Thursday, September 17, 2009

Tampa Wedding Photographers will love this venue

I recently shot a wedding at Twenty-Eight Twelve in Valrico, FL. If you're a wedding photographer in the Tampa Bay area and haven't had a chance to shoot this venue then you are missing a great opportunity for some nice images.  Wedding Planner WCG Events ran the show and did a great job!

The venue itself is an old house with a large backyard. The interior is very nice with wood floors and a big staircase, victorian furniture, grand piano... tastefully done all around.

It's not big. The ceremony itself is held outside (reception, too) but there are so many great places to take pictures both inside and out.

Shooting outdoors can be tricky on a bright day but on a cloudy day it's a dream. I used a Canon 70-200mm f2.8 IS lens for most of the ceremony with no fill-flash necessary. This enabled me to shoot with wild abandon with no worries about harsh shadows. Of course, a cloudy day sometimes means rain and we were forced to stop the ceremony and move under the back porch eventually but as I told the bride, "These are the things that make a wedding memorable."

The thing I really loved about this venue is the variety of backgrounds that were available to me. There aren't many places where you can shoot the bride (through a chandelier) reclining in a well-appointed room and five minutes later shoot the wedding couple in front of a barn!

There's great texture there as well (bricks, etc) and they have fountains in the pool which are nice for shoot-through.

Let me warn you that if you have a cute daughter in your wedding she will be photographed almost as much as you. As the father of two girls (3 and 5 years old) I'm a sucker for little girls in white dresses. :)
It was great fun shooting there and my bride and groom were very accomodating every time I would grab them and ask for "one more shot."
Visit my website for more of my tampa wedding pictures.

Tuesday, September 15, 2009

Wedding Photography Tampa - Selective Color

One of the things that you see quite a bit of on wedding photography websites is selective color. Selective color pictures are the ones where the image is black and white but something in the image is in color (typically it's the flowers). It's a style decision that each photographer makes (along with a million others) as to if and when a photograph should be modified that way. Personally, I stopped thinking about it years ago because I never seemed to come across an image that I felt would be better with selective color. If a client requests it I'll do it but I can't recall the last time I did it by choice.

Then, last week I was working on a recent wedding that had a picture that seemed perfect for selective color. The reason it was a perfect choice was because it already looked like selective color! The picture below hasn't been modified at all... it just so happens that the tie is green and everything else is black or white. More Tampa wedding photography available on my website...

Wednesday, September 9, 2009

Naneu Camera Bags

Wow! What a weekend!

I shot two weddings this weekend, one of which was stopped halfway through because of rain (we moved under a big porch). In addition to the pressure of photographing back-to-back weddings in Tampa and Valrico, I was also breaking in a new bag.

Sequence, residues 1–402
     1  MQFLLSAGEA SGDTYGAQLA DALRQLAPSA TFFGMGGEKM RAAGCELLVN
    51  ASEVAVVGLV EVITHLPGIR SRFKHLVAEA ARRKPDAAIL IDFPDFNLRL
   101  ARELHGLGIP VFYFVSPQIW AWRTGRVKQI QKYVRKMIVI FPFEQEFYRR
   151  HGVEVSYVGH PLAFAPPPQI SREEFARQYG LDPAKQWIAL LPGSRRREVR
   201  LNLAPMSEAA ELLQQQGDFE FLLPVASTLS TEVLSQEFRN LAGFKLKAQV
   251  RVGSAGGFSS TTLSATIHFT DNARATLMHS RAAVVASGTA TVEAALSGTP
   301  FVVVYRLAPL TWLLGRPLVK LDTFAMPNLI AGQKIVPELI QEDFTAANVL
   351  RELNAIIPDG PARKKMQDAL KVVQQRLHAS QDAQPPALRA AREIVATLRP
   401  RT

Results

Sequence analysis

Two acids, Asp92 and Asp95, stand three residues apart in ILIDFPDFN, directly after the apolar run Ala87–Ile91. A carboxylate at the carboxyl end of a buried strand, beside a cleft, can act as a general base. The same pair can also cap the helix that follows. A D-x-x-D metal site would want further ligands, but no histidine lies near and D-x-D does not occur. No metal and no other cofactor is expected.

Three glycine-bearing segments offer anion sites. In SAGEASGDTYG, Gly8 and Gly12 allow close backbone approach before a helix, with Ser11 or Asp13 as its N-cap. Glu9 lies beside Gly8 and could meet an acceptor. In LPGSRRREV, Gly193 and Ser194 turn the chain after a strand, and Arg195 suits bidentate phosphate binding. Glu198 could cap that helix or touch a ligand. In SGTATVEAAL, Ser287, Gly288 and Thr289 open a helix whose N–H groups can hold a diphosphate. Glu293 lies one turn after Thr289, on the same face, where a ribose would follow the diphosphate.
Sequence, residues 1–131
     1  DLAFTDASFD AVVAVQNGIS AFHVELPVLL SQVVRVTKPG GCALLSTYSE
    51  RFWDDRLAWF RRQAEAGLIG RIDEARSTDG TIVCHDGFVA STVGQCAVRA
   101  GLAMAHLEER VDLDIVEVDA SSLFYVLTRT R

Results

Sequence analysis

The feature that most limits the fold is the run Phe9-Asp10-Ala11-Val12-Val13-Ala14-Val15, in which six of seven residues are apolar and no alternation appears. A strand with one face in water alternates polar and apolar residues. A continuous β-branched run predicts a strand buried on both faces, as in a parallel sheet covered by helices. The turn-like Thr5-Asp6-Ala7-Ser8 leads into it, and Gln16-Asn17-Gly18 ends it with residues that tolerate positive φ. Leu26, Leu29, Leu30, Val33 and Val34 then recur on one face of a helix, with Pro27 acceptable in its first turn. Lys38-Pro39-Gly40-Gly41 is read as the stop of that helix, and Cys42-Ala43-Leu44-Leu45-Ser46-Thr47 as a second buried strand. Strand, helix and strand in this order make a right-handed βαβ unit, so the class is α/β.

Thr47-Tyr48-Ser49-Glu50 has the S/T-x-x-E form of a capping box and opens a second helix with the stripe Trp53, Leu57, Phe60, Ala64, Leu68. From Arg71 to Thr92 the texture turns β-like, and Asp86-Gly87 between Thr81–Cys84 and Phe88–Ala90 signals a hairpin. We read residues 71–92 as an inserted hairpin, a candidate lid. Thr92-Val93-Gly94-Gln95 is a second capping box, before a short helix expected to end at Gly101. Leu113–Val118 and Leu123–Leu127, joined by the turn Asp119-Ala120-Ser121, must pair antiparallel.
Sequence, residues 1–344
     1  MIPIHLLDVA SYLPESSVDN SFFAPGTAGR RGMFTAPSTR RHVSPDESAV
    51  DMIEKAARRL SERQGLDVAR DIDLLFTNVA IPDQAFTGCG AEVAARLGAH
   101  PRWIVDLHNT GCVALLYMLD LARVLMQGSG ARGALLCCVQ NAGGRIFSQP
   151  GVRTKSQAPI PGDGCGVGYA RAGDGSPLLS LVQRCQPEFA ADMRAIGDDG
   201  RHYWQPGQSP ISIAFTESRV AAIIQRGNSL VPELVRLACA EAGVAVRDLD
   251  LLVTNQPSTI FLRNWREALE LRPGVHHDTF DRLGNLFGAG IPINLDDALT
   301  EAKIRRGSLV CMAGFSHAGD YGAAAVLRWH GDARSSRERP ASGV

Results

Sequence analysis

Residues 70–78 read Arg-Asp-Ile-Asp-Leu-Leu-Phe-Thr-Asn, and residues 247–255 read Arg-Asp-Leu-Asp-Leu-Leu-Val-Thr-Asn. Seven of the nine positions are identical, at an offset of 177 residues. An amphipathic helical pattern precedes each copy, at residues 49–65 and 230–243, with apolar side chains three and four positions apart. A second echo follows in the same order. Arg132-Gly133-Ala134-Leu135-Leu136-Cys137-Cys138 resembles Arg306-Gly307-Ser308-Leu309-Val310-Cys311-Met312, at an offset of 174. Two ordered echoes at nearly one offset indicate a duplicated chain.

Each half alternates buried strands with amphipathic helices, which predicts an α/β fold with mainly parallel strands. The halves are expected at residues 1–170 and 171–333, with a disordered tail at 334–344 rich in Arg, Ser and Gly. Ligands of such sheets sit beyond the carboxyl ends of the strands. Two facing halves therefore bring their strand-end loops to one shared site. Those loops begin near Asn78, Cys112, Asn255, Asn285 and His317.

Yaniv Haramaty is the President/CEO of Naneu Pro in Orlando. His company makes a full line of bags for photographers. One of the unique things about their bags is they are actually two bags in one. There is an inner shell/bag that holds all your camera gear and an outer suitcase/backpack bag that holds the inner shell. It's a unique concept because it allows you to remove all your gear from the bag simply by removing the inner shell, leaving you with a fully functional backpack/suitcase for whatever you might need.

I met with Yaniv today after using his bag all weekend and I'm happy to say that it was a great experience. I was a little worried about working from a new bag but it wasn't a problem at all and I was able to move my equipment around much easier than with my old setup. I was surprised to discover that I could fit all my gear into the bag despite it being much smaller than my old case. It's much more convenient.

Meeting with Yaniv and Ed (Marketing Director) was a great experience too. You really get the sense with these two that they are trying to get it right for us photogs. It's tough to make a bag that fits the needs of every photographer because we are so varied in our specialties (weddings, nature, journalism). Yaniv asked me a lot of questions and really seemed interested in learning what I thought would make a good bag. Who knows, maybe one day you'll be able to buy the "Booray Perry Limited Edition" Wedding Photographer Bag! :)

I've got two weddings to post-process and I promise I'll have pictures online soon!

Booray Perry is a wedding photographer in Tampa Florida. See more of his work at

Thursday, September 3, 2009

CSI - Booray

From an email I received yesterday:

So on another note your photos came in very handy for some detective work I had to do. Haha. Here’s the story. Jared’s black blazer went missing that night and we came home with someone else’s that had been left instead. I had sent a note with the thank you notes to no avail. So, I used the pictures on the website last night to narrow down the possible “culprits” It was so funny- my prime suspect had the wrong buttons on his sleeve… So I finally narrowed down to 2 kids and 2 adults. But the adults left early and never took jackets off. My 2nd call to a parent landed me Jared’s jacket. Hooray!! He needs it for cousin Raquel’s Bat Mitzvah in Maryland on the 12th.
So thanks also for the unintended police help.

Wednesday, September 2, 2009

Tampa Bat Mitzvah Photography

Shooting portraits for a photo guest book I noticed the charm bracelet that Rachel was wearing.
"I bet that's pretty special," I said.
"It is, " she said, "my Grandmother gave it to me...."

More Tampa Bay Bat Mitzvah Photography on my website...

Tuesday, September 1, 2009

You never know who you might run into...

I was shooting family portraits for a client following the baptism of their twin grandchildren when I was reminded of one of the great things about this job.

While taking a picture, someone said, "This is the California contingent."
"Oh," I said, "Did ya'll come all the way from California to Tampa?"
"I lived in San Jose when I was a kid. I went to August Boeger Middle School," I said.
A woman in a blue blouse said, "I went to August Boeger too, but only for a few years."
"Me too, "
"I was there in 77' and 78.'"
"That's when I was there...."
"When did you you graduate high school?"
"Me too!"

One of the great things about all the people you meet when you are a photographer is that you might end up taking a picture of someone who was in your class at August Boeger Middle School, 32 years ago, on the other side of the country. :)